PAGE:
Regions North Volcanic Zone, South Volcanic Zone, Austral Volcanic Zone, Easter Island, Juan Fernández Archipelago, Chilean Antarctica
Part of Pacific Ring of Fire
Geology Volcanism
Period Cenozoic
Map of Chile showing the location of tsome active volcanoes.

Following the eruption of the Chaitén volcano, a lahar destroyed much of the town of Chaitén.

Volcanism of Chile is a continuous process that has a strong influence on Chilean landscape, geology, economy and society. Volcanism constantly renews the Chilean lanscape with lava flows, lava plateaus, lava domes, cinder cones, stratovolcanoes, shield volcanoes, submarine volcanoes, calderas, diatremes, and maars. However volcanism in Chile as well as in other parts of the world is also associated with several natural hazards such as lahars, earthquakes, pyroclastic flows, toxic gases and ash. Continental Chile has a high concentration of active volcanoes due to its location along the Peru-Chile Trench, a subduction zone where Nazca and Antarctic Plate are driven beneath the South American Plate. Chile has been subject to volcanism at least since late Paleozoic when subduction along the western marging of South America begun. Easter Island, Juan Fernández Islands and other oceanic islands of Chile are extinct volcanoes created by hotspots. Chile has about 500 volcanoes considered active, 60 of which have had recorded eruptions in the last 450 years. The volcanoes with most recorded eruptions are:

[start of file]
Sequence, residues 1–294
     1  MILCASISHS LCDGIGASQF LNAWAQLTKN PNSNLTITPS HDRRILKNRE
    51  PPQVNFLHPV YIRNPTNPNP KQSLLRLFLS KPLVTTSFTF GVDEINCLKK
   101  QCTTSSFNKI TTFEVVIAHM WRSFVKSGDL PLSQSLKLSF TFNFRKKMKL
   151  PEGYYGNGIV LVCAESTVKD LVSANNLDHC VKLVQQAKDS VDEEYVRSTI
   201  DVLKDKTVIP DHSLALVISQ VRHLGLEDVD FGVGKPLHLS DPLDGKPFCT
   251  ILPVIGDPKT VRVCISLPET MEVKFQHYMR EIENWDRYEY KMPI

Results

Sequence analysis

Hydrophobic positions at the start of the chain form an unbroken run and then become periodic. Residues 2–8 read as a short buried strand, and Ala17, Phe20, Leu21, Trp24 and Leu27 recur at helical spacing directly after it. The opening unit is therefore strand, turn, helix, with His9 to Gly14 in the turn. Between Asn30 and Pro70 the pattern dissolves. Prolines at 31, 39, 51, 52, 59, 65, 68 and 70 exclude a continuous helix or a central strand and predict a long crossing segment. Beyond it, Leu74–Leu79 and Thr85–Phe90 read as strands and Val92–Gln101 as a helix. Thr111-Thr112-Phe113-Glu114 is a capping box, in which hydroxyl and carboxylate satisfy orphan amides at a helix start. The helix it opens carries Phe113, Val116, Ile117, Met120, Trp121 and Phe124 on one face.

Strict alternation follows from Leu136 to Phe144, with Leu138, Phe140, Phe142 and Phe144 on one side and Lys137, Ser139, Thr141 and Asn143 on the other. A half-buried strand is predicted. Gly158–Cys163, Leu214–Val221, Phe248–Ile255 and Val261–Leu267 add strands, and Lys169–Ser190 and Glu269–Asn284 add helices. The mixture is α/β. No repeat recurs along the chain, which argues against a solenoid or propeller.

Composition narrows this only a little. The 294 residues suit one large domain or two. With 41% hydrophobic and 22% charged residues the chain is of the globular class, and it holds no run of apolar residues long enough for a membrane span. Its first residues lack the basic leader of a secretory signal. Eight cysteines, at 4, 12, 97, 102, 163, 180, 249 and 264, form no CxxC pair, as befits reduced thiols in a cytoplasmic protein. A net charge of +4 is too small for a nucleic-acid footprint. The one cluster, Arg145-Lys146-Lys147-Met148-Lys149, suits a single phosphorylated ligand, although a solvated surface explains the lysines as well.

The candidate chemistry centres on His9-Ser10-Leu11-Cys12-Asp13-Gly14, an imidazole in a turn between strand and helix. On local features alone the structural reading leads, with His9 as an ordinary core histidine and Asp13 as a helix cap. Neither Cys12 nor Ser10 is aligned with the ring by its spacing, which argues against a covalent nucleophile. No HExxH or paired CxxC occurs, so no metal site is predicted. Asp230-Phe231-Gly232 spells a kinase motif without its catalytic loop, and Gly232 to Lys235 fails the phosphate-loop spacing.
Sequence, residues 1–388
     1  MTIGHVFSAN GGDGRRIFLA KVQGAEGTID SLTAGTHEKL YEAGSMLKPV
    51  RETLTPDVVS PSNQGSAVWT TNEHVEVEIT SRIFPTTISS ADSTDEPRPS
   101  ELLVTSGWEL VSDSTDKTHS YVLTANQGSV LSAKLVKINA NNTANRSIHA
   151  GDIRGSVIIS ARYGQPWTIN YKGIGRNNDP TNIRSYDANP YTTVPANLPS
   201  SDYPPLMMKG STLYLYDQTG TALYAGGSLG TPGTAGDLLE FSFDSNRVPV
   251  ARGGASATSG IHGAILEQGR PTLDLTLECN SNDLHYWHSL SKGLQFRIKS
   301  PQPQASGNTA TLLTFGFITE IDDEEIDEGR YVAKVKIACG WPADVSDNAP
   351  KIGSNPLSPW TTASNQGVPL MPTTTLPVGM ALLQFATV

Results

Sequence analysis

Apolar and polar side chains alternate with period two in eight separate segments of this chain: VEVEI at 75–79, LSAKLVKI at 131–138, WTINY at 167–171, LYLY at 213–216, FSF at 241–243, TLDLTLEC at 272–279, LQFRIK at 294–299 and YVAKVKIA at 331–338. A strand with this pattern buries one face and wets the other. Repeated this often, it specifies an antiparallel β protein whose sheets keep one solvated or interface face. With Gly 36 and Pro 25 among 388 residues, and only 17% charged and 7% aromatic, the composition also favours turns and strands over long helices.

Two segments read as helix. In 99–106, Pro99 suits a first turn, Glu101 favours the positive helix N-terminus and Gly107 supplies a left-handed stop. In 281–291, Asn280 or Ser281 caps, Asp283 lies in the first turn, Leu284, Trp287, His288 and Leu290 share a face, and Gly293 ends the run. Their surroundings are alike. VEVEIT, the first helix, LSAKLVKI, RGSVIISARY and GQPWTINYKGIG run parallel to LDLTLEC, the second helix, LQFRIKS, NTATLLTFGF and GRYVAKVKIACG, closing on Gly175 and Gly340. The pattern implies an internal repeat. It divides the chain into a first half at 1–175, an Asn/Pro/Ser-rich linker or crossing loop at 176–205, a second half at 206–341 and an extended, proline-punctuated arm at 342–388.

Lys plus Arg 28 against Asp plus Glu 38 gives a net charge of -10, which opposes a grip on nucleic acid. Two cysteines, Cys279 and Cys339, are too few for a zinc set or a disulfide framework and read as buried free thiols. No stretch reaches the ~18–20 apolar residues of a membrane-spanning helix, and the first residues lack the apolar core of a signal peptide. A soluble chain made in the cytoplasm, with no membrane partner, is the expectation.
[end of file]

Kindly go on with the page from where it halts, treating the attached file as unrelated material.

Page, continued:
See also




Maps of Volcanoes in Chile – current information and analysis



Observatorio Volcanológico de los Andes del Sur
Servicio Nacional de Geología y Minería
Cerro Ñielol s/n, sector antenas
Casilla 641
Temuco, Chile
Tel: (56) 45-270700 (56) 45-270701 Fax:(56) 45-271781
e-mail: ovdas@sernageomin.cl


    Volcán  Lonquimay (38º 23' S - 71º 35' W)
           El volcán Lonquimay es vigilado mediante una estación sismológica
uniaxial localizada a 9.5 km al sur del   cráter principal,  en  la   localidad  de
Malalcahuello.  Esta  estación  no cuenta  con  línea   telefónica,  por lo cual
mensualmente es necesario adquirir los registros sísmicos en terreno.(informes)
Estación: LONQ

(Volcán Lonquimay)
Observatorio Volcanológico de los Andes del Sur
Servicio Nacional de Geología y Minería
Cerro Ñielol s/n, sector antenas
Casilla 641
Temuco, Chile
Tel: (56) 45-270700 (56) 45-270701 Fax:(56) 45-271781
e-mail: ovdas@sernageomin.cl

Volcán Llaima (38º 41′ S – 71º 44′ W)